Palm Oil Monitor – Weekly Update, 24th April, 2018


As reported last week by POM, the Indonesian government has walked back on a $2 billion deal to buy Airbus military aircraft – in retaliation for the EU Parliament’s proposed ban on palm oil in the bloc’s renewable programs.

This has now been widely reported in the UK print media.

Adding to that, Indonesian Fisheries Minister and Special Envoy for palm oil Luhut Binsar Panjaitan made Indonesia’s stance even clearer. He told reporters in Brussels last week, “We have a very good relation with Airbus. But if you punch us to the very difficult corner, what will we do? We are human beings, you know?”

He added, “Airbus is very important but we need to see the reciprocity of this. We don’t want to import Boeing because of this palm oil issue.”

The next round of inter-institutional talks on the renewable energy file are scheduled for May 17. The EU is also discussing a free trade agreement with Indonesia.

But it could get even more complicated for Brussels. Have Malaysian interests joined the fray? According to news reports AirAsia boss Tony Fernandes has walked back on an order for Airbus A350s, stating that the aircraft is ‘too expensive’. Reports also note that Malaysia’s low-cost carrier – arguably the most successful in the world – is now in talks with Boeing to purchase the US aircraft manufacturers’ 787 variants.

This would be a big shift for AirAsia, if it happens. The company’s fleet is composed entirely of Airbus aircraft.

That said, the negative feeling that Europe’s against Malaysia is running particularly deep. Most Malaysians are friends with or related to individuals that have had their lives changed by palm oil.

[One of the co-hosts of this blog is no exception. His family’s hometown of Temerloh in Pahang was transformed by the presence of FELDA plantations just to the north of the town.]

If Fernandes’ decision is based on national pride rather than commercial concerns, Brussels will need to take notice; it will have ruined not just trade relations, but diplomatic relations in the ASEAN region.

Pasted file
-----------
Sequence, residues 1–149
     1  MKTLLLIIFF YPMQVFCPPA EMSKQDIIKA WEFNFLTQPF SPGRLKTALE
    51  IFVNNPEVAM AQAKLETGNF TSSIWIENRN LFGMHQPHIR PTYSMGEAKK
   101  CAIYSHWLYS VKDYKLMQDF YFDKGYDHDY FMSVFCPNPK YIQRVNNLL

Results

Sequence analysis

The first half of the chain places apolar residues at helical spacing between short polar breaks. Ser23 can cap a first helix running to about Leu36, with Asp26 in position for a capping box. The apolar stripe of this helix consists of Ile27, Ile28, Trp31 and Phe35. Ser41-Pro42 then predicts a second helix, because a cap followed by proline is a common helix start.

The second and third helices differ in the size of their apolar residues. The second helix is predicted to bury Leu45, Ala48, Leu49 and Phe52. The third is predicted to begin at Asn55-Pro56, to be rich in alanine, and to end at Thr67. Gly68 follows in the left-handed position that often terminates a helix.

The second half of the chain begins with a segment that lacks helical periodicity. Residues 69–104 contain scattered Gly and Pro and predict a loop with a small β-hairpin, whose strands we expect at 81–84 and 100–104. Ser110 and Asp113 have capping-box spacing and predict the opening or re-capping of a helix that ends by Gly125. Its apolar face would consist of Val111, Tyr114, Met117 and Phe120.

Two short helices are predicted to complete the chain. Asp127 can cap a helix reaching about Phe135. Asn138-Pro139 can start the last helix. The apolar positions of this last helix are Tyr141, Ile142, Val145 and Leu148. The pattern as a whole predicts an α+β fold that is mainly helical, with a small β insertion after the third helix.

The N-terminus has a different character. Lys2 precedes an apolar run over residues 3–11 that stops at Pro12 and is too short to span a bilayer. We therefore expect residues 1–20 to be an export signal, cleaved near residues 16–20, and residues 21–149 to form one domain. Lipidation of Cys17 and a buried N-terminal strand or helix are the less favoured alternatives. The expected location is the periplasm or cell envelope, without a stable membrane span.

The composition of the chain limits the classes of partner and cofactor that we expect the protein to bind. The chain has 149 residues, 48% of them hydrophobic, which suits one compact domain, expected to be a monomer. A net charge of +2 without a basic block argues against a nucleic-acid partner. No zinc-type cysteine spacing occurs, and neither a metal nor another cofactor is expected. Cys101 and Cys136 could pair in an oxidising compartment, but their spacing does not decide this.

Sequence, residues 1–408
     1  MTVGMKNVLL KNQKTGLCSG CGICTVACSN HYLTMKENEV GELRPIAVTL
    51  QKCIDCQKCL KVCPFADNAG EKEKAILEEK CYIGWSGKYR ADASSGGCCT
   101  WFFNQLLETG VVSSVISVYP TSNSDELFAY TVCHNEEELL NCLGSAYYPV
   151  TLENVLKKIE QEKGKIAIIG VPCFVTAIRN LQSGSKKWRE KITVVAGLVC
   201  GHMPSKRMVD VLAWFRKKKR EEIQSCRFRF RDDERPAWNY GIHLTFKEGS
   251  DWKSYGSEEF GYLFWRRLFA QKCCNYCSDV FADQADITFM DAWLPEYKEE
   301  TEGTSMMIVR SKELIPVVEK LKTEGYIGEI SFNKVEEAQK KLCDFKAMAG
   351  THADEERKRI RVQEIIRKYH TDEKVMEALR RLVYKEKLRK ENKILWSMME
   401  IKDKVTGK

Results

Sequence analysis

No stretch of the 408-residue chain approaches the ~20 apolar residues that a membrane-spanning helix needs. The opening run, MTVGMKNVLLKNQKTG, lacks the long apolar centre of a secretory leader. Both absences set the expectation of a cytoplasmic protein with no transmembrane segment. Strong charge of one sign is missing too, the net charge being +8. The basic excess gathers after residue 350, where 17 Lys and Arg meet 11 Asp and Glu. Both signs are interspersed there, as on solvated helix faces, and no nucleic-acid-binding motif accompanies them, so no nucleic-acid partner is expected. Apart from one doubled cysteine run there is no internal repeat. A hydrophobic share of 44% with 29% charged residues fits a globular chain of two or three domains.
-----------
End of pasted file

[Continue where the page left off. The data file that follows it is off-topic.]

Indonesia’s Salim Group has been put through the wringer by Rainforest Action Network and fellow NGO, the Netherlands-based Aidenvironment.

RAN’s basic claims are this: Salim has ‘connections’ to two plantation companies, and these plantation companies are causing environmental problems, via peat drainage in Borneo.

The choice of Salim as a target makes sense for the US-based RAN. Salim owns Indonesia’s largest food company, Indofood. Crucially, it has ties to US companies such as PepsiCo.

RAN therefore has a point of leverage with its supporter base in the US. And, RAN has been running a long-time campaign against the US beverage company.

But for anyone who has worked in Indonesia, the claims rest on what is pretty much business as usual. Indonesian business is often opaque, run by family interests and has many layers.

Indonesian compliance with regulations is often problematic because regulations themselves are often problematic.

RAN have been trying this path with Salim and PepsiCo for a while now, to little effect. Arguably the most interesting thing about RAN’s campaign is that even though Indofood is the country’s largest food company, the usual ‘shaming’ of brands has no impact in Indonesia’s domestic market.


RSPO has officially launched its national interpretation (NI) in Nigeria. Nigeria is the world’s third-largest palm oil producer, although much of the production is small-scale and consumed domestically.

But this is a significant development. Developing the NI has taken several years, and it is one of the first NI outside of the Asia-Pacific region.

POM is yet to analyse the interpretation, but we’re hoping that some of the issues that have been raised about RSPO in Africa – such as not being able to use chemical treatments for blast disease – are addressed. Watch this space for an analysis over the next few weeks.